HARRISON – Years ago, after much discussion regarding the value to the county of the Clare County Airport, review of costs for repair, as well as progress on a pilots’ lounge, a decision was finally made to make saving the airport a priority.
At an additional Clare County Board of Commissioners meeting held March 20, 2016, the BOC approved a motion to enter into an airport authority with Hayes Township and City of Harrison to be reviewed by the county, city and township councils in three years. That proposal was then taken to the other parties for city and township sign-on.
The original intent of the cooperative effort was to bring the airport up to a higher level which would enable qualification for grant funding, and ultimately to offer flight fuel onsite. The agreement included a contribution of $5,000 each from the city and township in addition to $10,000 from the county.
Some repair and lighting work has been done, but work on the pilots’ lounge hit a snag and came to a standstill when it was realized the hangar housing it is low-lying and subject to flooding.
Over the past few years, at meeting after meeting, the alliance among the three entities is brought up for review – and belt-tightening has brought into question whether the joint effort brings any real return on investment. That has led all three entities to withhold their funding portions, as they await specific answers as to what repairs/upgrades will cost, and what sort of grant funding information could be realized.
At the recent April 21 meeting of the Clare County Board of Commissioners, administrator Tracy Byard brought the board up to speed regarding a conversation she had with airport manager Gale Bensinger.
“He has informed me, after a conversation with someone from the state, that there are grant funds available for the airport,” Byard said. “And we are hoping with those grant funds for repairs to the runway, the lighting, the pilots’ lounge – all of those things needed to bring our airport from a basic utility up to a general. Then, hopefully, eventually we can get some fuel and those types of things out there.”
Byard said the grant funds could be applied for in September, adding that Lori Phelps, Community Services director, had agreed to help with writing that grant.
At its April 20 meeting, the Hayes Township Board also heard a bit about the airport, along with some advice about how important it is to consider carefully what it would mean to allow the airport to disappear.
Addressing the board were Jim McBryde and Pam O’Laughlin of Middle Michigan Development Corp. O’Laughlin spoke of having been working very closely with Clare County, Hayes Township and the City of Harrison to get the airport back to operational status. She also noted having met that day with Tracy Byard regarding the airport and detailing what it would take to reach that improved status.
Maye Tessner-Rood, Hayes Township treasurer, clarified that those meeting on behalf of the three entities have been seeking cost information, learning what happens to the buildings – but that nothing has been resolved.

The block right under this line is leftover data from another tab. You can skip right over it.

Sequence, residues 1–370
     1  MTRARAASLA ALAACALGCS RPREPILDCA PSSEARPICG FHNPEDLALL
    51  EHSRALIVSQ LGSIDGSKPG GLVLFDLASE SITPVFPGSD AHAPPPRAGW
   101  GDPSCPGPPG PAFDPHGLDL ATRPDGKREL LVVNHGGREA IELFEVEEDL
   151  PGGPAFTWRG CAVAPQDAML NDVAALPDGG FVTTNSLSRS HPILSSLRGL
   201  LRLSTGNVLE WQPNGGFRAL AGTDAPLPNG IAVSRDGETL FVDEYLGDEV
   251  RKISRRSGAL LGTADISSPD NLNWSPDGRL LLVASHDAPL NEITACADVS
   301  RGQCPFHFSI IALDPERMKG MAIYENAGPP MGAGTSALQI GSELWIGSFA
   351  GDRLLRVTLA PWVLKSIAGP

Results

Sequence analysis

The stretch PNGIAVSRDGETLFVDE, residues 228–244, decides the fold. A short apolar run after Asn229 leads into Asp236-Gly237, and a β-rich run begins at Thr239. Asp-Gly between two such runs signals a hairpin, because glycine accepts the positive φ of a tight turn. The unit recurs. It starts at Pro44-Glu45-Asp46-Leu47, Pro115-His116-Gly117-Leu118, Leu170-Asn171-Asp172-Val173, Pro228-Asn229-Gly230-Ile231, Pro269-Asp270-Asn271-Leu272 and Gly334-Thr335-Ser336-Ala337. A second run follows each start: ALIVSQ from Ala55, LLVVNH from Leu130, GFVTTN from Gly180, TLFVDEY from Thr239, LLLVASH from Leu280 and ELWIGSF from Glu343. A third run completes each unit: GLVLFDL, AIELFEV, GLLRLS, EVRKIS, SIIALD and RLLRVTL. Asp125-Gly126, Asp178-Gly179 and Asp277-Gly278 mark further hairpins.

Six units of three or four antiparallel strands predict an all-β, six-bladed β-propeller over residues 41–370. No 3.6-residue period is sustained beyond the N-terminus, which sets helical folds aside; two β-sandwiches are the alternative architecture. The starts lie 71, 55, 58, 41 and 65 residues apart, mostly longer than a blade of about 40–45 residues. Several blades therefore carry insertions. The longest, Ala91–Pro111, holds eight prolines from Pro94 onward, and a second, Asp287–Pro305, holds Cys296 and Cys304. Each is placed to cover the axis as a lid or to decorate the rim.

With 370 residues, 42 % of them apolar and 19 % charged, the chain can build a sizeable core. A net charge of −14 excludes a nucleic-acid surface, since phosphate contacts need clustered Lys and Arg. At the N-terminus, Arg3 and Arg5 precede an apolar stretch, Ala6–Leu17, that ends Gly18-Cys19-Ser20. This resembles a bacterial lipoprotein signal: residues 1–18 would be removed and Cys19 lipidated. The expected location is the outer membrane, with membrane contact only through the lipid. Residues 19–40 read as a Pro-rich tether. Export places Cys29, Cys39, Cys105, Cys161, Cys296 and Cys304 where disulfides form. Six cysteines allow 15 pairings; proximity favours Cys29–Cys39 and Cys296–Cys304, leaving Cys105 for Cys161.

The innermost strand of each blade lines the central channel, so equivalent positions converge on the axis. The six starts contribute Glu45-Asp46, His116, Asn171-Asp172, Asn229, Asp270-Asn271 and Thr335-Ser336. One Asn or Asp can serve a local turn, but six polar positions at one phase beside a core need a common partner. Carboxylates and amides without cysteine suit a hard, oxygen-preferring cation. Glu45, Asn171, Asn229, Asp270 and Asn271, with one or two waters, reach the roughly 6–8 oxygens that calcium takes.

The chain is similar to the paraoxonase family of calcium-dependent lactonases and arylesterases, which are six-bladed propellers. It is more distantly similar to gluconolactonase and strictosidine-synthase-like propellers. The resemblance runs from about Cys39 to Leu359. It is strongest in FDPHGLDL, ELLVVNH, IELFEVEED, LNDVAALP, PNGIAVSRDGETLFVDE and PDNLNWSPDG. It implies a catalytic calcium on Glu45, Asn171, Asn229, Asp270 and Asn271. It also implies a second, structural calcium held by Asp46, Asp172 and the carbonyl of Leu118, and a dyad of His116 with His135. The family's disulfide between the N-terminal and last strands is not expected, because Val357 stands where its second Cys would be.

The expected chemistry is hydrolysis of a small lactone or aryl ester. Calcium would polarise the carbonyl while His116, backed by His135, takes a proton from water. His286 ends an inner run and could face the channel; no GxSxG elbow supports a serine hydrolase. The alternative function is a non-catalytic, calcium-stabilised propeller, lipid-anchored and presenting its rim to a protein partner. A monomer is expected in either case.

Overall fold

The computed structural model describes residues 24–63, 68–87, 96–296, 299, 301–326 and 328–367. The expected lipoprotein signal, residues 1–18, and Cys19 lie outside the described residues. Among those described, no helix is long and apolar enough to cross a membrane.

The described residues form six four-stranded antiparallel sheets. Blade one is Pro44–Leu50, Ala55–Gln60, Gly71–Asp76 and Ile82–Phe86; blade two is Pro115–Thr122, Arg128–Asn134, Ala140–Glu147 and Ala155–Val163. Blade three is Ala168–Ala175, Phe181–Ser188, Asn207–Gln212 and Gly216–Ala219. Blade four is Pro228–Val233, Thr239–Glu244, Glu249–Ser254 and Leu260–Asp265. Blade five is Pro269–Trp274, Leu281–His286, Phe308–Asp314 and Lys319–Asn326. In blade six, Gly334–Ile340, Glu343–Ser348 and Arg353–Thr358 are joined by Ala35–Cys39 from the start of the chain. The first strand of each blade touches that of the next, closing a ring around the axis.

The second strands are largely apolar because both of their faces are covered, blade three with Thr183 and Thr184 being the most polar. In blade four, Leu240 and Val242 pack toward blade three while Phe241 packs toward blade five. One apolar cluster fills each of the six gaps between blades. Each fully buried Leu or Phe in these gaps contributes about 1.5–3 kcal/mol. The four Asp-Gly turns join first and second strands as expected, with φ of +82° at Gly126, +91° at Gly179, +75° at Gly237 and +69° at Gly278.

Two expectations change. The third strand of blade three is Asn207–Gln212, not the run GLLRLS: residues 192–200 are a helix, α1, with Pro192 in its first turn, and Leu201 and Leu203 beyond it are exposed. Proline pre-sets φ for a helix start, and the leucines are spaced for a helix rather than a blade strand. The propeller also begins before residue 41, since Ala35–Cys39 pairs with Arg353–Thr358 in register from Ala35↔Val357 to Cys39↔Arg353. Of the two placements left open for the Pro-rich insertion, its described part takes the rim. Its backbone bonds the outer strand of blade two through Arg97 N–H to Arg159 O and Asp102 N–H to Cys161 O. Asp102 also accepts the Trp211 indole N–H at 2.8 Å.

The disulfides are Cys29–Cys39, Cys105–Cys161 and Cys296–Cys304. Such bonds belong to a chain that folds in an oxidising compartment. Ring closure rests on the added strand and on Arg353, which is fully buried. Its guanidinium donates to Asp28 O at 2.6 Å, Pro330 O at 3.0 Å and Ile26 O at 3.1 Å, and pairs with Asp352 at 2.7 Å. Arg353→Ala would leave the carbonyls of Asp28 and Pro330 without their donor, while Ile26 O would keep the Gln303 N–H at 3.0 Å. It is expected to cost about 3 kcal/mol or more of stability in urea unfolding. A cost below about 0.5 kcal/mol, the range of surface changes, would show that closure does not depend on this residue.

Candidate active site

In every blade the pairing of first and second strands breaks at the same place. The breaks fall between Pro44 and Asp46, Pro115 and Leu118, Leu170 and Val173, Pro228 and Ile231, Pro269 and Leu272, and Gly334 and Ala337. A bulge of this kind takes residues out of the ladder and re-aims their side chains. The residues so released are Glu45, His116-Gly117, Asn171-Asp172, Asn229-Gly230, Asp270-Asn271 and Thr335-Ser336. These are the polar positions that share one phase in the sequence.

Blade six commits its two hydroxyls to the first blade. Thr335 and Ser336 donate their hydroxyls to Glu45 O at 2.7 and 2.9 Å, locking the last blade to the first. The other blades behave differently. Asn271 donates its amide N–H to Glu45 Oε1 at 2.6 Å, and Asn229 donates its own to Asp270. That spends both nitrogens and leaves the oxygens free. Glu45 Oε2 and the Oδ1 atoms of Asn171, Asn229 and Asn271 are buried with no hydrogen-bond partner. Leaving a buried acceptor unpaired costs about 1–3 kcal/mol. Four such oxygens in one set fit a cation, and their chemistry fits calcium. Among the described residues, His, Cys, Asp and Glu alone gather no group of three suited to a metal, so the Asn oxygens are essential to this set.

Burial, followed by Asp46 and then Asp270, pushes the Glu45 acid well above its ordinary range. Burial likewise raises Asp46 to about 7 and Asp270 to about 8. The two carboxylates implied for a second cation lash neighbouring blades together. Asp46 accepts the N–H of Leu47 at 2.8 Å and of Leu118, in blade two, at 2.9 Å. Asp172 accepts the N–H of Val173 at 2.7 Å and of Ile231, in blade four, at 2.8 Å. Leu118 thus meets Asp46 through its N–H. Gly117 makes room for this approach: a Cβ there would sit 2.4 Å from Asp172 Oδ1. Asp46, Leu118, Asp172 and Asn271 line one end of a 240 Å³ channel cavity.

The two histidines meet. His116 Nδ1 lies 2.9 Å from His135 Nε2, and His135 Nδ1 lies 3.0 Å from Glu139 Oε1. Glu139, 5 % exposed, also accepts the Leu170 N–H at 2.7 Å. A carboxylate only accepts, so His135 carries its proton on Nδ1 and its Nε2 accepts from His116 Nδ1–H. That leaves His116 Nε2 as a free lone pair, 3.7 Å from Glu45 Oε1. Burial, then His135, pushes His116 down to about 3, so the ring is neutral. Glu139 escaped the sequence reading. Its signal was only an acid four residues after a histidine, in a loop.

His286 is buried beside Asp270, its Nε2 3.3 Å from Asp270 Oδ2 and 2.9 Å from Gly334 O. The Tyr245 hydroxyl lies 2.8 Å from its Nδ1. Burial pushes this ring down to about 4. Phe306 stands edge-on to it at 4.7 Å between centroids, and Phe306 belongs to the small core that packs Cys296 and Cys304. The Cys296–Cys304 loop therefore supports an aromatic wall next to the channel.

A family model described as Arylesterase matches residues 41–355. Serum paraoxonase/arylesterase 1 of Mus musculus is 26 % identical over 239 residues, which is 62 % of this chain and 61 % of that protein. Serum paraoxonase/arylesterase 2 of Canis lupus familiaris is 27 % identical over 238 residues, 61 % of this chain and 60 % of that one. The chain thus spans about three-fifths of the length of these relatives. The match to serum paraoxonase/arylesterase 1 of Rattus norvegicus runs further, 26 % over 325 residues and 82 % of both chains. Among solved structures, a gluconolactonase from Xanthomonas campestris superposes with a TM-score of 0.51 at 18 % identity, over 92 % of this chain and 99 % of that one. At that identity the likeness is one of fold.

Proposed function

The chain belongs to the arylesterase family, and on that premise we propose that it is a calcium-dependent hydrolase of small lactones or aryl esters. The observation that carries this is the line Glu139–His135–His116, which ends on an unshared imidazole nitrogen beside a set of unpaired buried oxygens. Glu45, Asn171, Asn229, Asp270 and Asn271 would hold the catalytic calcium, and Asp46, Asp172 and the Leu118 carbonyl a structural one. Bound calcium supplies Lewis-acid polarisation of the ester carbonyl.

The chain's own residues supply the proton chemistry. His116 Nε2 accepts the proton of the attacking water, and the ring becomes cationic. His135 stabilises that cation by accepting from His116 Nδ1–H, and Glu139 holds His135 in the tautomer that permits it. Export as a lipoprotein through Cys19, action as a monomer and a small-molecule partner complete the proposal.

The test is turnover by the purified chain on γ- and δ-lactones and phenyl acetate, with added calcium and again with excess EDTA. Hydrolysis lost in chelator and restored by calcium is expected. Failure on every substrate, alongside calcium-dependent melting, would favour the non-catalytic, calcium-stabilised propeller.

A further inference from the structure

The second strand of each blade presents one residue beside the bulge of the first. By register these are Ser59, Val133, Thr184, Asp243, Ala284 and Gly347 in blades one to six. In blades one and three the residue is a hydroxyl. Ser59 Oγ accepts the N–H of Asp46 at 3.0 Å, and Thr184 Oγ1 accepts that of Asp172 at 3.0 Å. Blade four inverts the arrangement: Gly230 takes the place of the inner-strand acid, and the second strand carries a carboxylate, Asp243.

“So, when she says we’re working on it, we’re working on it together,” Tessner-Rood said. “All the information we can get. They didn’t have bids on runway work or anything. It’s putting everything together, because a decision has to be made – whether it’s through the state or not – those are buildings on leased land there, that people paid money to build. How do you dispose of that? And nobody had any answers.”
Thus, she said, people have “been beating the bush” to find answers so decisions can be made.
McBryde said that was a great comment.
“The other thing I would say is you have to look at it as an infrastructure issue,” he said. “You have investment in infrastructure already out there, so you’re kind of at a crossroads. Do you close it and give it back to the state, with all the complications there would be with that? Or, do you fix it and try to do what some of the other smaller communities have done and try to bring in more traffic by having aviation fuel for sale?”
McBryde said that is a big thing that the Clare Municipal Airport has done, and that people from the Mount Pleasant Airport come to Clare to fuel up because it’s cheaper.
“Having the fuel available is a big thing, but you’re not going to have that unless some improvements are made to the pilots’ lounge and so on,” McBryde said. “Once you get to a certain level, you can trigger a lot of FDA money, and MDOT would pitch in too. So, you’re kind of at that point that you’ve got to go one way or the other.”
He said MMDC is all about economic development, and as such is focused on trying to do the right thing to foster economic development for the area. He also urged that the three governmental bodies make an informed decision, and not just give up the airport.
“Because once you give it up – it’s gone,” McBryde said. “That’s the only thing I would caution you on. Before you do that, let’s make sure you know what you’re giving up and what the opportunities would be to fix it up. And what kind of additional revenues that could bring into the area.”